By Regan McGowan, Program Manager
A few months ago, I had the opportunity to attend ARRM’s Annual Conference. In one of the sessions, I listened to a speaker talk about the idea of person-centered thinking. This is a well-known concept at Hammer, but it really hit home with me this particular day. The speaker shared a poem written by Elaine Popovich, a woman living with a disability. Her poem eloquently shares her perspective on the differences between her life and the lives of her staff.
You And I
I am a resident. You reside.
I am admitted. You move in.
I am aggressive. You are assertive.
I have behavior problems. You are rude.
I am non-compliant. You don’t like being told what to do.
When I ask you out for dinner, it’s an outing. When you ask someone out, it’s a date.
I don’t know how many people have read the progress notes people write about me. I don’t even know what is in there. You didn’t speak to your best friend for a month after they read your journal.
I make mistakes during my check-writing program. Someday I might get a bank account. You forgot to record some withdrawals from your account. The bank called to remind you.
I wanted to talk with the nice looking person behind us at the grocery store. I was told that it was inappropriate to talk to strangers. You met your spouse in the produce department. They couldn’t find the bean sprouts.
I celebrated my birthday yesterday with five other residents and two staff members. I hope my family sends a card. Your family threw you a surprise party. Your brother couldn’t make it from out of state. It sounded wonderful.
My case manager sends a report every month to my guardian. It says everything I did wrong and some things I did right. You are still mad at your sister for calling your mom after you got that speeding ticket.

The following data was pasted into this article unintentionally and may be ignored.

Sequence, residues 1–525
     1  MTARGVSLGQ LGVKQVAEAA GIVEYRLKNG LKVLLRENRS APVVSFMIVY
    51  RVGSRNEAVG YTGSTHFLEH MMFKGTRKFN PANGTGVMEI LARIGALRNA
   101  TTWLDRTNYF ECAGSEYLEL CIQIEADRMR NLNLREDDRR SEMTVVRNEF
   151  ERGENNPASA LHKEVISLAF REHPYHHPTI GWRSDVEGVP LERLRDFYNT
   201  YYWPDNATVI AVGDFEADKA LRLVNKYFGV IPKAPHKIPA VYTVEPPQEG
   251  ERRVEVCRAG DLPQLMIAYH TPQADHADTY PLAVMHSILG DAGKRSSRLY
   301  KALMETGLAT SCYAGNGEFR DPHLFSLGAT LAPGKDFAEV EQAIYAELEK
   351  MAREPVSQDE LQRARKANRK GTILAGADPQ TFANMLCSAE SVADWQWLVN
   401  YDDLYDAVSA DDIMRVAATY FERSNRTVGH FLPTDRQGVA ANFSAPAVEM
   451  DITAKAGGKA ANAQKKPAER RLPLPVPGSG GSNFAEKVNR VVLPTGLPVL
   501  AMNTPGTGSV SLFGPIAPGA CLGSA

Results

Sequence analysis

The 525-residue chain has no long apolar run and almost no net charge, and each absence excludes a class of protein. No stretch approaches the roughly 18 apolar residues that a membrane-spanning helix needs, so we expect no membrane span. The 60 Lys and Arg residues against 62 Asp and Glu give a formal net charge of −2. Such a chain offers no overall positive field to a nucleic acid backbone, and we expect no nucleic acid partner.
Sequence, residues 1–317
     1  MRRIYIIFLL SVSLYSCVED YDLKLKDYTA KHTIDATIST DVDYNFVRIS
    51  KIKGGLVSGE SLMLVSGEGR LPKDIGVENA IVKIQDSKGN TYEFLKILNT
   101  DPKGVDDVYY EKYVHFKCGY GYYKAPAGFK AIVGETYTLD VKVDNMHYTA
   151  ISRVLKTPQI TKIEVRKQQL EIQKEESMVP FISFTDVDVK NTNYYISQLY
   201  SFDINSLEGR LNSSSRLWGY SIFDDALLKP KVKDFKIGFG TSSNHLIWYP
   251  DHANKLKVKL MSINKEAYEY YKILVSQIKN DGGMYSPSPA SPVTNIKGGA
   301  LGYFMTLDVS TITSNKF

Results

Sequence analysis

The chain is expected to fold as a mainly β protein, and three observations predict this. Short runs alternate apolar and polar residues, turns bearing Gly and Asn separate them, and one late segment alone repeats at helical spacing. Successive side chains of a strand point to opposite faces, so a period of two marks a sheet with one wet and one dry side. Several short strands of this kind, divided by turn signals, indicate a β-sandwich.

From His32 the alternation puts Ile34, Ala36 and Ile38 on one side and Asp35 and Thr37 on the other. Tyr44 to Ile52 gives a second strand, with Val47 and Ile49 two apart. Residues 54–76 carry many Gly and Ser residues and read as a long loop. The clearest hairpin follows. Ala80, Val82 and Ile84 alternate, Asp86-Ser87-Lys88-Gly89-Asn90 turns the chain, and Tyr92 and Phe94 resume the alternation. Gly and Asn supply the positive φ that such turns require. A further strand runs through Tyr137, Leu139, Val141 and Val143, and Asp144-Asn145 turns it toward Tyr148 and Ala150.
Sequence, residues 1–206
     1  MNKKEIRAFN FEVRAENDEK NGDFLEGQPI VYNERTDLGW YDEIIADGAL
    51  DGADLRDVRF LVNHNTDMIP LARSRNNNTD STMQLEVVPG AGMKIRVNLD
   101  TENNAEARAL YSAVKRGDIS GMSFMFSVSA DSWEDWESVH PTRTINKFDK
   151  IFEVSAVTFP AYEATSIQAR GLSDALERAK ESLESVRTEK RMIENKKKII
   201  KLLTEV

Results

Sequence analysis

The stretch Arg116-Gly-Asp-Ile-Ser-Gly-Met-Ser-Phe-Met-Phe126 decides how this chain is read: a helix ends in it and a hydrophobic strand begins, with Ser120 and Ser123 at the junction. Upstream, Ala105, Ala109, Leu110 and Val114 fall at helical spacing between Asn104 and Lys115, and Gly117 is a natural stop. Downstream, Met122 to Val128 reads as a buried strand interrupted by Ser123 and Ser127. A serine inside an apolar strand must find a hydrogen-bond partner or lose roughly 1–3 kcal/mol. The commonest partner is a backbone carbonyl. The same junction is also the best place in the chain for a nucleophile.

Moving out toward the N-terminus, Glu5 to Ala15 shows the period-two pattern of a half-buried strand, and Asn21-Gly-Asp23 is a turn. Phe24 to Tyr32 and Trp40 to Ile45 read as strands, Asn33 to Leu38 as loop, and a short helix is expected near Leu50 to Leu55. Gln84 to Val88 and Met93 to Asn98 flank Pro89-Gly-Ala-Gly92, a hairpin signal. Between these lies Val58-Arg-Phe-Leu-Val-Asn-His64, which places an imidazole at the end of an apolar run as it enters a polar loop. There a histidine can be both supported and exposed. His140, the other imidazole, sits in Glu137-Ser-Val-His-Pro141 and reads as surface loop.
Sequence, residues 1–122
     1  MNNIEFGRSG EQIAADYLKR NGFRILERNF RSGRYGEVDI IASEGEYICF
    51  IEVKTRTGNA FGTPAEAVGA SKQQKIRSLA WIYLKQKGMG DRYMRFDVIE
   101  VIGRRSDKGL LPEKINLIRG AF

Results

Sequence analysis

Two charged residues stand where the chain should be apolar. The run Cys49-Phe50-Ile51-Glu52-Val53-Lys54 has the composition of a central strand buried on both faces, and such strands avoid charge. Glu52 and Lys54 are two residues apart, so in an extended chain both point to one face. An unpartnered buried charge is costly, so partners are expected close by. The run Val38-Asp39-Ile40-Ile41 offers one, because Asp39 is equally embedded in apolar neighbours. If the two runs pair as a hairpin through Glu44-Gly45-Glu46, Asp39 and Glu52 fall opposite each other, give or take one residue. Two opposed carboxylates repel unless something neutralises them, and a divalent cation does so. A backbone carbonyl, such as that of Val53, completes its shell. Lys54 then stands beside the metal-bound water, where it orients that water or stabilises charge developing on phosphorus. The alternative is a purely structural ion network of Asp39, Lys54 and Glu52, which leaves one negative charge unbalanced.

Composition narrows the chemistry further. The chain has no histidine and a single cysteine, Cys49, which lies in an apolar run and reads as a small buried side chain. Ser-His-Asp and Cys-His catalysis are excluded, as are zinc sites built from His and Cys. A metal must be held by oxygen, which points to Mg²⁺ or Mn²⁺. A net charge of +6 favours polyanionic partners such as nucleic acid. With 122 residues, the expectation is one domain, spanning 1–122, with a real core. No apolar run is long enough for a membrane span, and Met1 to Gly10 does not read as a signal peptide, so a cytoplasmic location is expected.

I am on a special diet because I am five pounds over my ideal body weight. Your doctor gave up telling you. I am learning household skills. You hate housework. I am learning leisure skills. Your shirt says you are a “couch potato.”
After I do my budget program tonight, I might get to go to McDonald’s if I have enough money. You were glad the new French restaurant took your charge card.
My Case Manager, Psychologist, R.N., Occupational Therapist, Physical Therapist, Nutritionist and house staff set goals for me for the next year. You haven’t decided what you want out of life.
Someday I will be discharged – maybe. You will move onward and upward!
I think Elaine’s poem nails the importance of person-centered thinking on the head. As I think about my life and putting person-centered thinking into action, I reflect on my time with a boy named Emerson. This past January, I was able to visit the Mephibosheth Special Needs Home just outside of Port-au-Prince, Haiti. For 10 days, I was able to love and support kids who have varying physical and/or developmental disabilities. During this time I became pals with Emerson. Even though he spoke very little, he was always smiling and full of joy. He also carried around a rag wherever he went as he tended to drool quite a bit due to protruding teeth.
To celebrate my team’s last night at the “M House,” we had a nighttime dance party complete with glow sticks. All the children were laughing and screaming, except Emerson who was sitting out on the side. One by one, different team members went over to try and get him out on the dancefloor. Every time he would simply shake his head no. After a few more songs, I walked over to Emerson and looked him in the eyes. We didn’t speak the same language, and quite frankly, I don’t even know if he knew my name. But in that moment, I grabbed his little hand with the drool rag, took it in my hand, put it on the chair and shrugged my shoulders with a smile. With both of his hands free, I gestured for him to take mine. He eagerly grabbed my hands and his grin grew until he was beaming. Needless to say, Emerson and I hit the dance floor for the rest of the party!
Elaine’s poem and Emerson’s smile remain close in my heart and mind as I work with the incredible men and women at Hammer. All Emerson wanted to do was dance like everyone else. The rag he carried his entire life inadvertently defined a part of who he was. By simply helping him put it aside, I could see a noticeable, positive difference in Emerson. What would happen if we really put person-centered thinking into motion, left the “rags” and other labels aside, and were able to dance the night away? It’s not always easy, but it is something I try to do every day with the fantastic men and women we serve who just happen to live with a disability.